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David Nalin
Made the key breakthrough and headed the studies that led to Oral Rehydration Therapy, a cure for cholera and other diarrhea illnesses

Quotes by Nalin

“Then, suddenly, it hit me. Oral therapy had to work, it was the methodology that was the problem - fluid losses had to be replaced with oral solution volumes that matched or slightly exceeded the volume of losses. I remember a chill going up my spine when I realized this, together with the overwhelming sense of how important this would be to the countless patients who were continuing to be at risk of death in remote, resource-poor affected areas around the globe. And I also sensed that anything that would work in cholera would certainly work in the host of less severe, though often fatal, acute watery non-cholera diarrheas.” 

“Previously I had a great love for clinical medicine, but I found myself being drawn toward research. That surprised me, because I never thought of myself as a researcher. I applied to the National Institute of Health’s (NIH) Department of International Research and was offered my choice of 19 different laboratories around the world to work in. My experience in Guyana led me to choose a laboratory focusing on tropical, particularly infectious diseases. Toward that end I developed a protocol for an epidemiological study of blood serum to examine the prevalence of antibodies from viruses transmitted by arthropods in individuals with various cancers, compared to matched healthy controls. This was to have been done at the Middle America Research Unit in Panama. Unexpectedly, the director there turned out to be a PhD. of the type who is averse to M.D.’s, and he made it clear that, though he could not criticize the protocol, he did not want to accommodate me under acceptable terms. Just then, Dr. Howard Minners, to whom I reported at the National Institute of Allergy and Infectious Diseases, returned from a trip to East Pakistan (now Bangladesh) and told me that I should consider switching there, as they were doing exciting work on cholera. Initially somewhat aghast (I had just finished brushing up my Spanish for Panama and had no idea what it might be like in East Pakistan) I acquiesced and, of course, never later regretted the switch.”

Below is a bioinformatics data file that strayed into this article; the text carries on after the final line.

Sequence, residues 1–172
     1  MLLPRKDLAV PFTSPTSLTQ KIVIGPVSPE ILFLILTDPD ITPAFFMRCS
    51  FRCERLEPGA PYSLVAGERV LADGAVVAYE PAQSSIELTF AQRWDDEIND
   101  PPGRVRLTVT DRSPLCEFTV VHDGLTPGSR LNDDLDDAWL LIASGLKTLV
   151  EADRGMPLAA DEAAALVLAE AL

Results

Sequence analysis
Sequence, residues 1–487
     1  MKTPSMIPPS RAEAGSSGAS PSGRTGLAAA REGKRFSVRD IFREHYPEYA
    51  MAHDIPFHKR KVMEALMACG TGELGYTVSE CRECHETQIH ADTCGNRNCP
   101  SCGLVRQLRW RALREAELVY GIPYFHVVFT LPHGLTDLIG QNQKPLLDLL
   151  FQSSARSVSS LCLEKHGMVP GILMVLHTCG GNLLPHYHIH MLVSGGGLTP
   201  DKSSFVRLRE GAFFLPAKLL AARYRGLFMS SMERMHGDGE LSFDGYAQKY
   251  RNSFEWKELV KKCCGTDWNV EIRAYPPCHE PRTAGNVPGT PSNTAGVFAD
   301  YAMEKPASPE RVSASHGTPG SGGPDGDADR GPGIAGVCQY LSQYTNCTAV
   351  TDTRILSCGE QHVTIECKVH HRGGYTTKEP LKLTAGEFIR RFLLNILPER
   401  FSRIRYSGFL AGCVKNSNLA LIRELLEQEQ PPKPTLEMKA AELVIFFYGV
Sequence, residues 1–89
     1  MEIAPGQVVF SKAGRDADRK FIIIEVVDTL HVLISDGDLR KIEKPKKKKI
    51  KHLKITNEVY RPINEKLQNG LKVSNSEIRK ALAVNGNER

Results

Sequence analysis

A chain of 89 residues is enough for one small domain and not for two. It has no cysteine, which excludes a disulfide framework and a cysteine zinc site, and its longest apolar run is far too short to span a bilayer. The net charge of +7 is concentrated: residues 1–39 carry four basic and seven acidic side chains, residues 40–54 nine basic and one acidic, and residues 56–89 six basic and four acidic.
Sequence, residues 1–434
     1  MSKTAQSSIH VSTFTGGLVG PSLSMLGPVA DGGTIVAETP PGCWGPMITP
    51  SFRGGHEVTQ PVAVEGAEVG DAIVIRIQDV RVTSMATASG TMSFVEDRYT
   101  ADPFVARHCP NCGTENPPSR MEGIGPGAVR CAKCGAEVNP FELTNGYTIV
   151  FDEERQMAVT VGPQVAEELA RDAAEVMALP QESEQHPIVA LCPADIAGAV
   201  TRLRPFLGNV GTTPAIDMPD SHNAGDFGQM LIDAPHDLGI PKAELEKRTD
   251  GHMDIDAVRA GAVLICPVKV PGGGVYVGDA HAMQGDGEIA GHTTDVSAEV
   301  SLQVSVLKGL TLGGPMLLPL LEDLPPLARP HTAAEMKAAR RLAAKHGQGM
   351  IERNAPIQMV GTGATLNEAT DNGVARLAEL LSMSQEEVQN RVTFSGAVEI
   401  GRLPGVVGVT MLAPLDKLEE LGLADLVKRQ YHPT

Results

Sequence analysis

“It was my habit before undertaking any scientific research project to conduct an exhaustive literature search so as to know the full extent of past work, positive and negative, and to uncover leads for future research buried in the literature.”

"I often found myself drawn back to the immediacy and ingenuous charm and humor of devotional folk images, and to the wholly satisfying formal integrity of the vessels used in their worship: pots to be filled with holy Gangetic water or with milk offerings for serpents…smoking camphor tablets swung by dancers before the goddess during puja…brass platters with mirror like polish for offerings of Bengali sweets; incense holders…a cornucopia of vibrant forms; and simple bowls which, when struck, hum with a resonance evoking another era and another reality."

Quotes from the Lancet medical article titled Oral Maintenance Therapy for Cholera in Adults

“Our findings indicate that an oral solution containing glucose and electrolytes can eliminate the need for over three-quarters of the intravenous-fluid requirements in the therapy of acute cholera in adults. The ingredients of the oral solution are cheap and widely available in virtually all areas affected by cholera. The solution need not be sterile and it can be made up with any suitable drinking-water. Ingredients could be pre-weighed and stockpiled for use in cholera epidemics.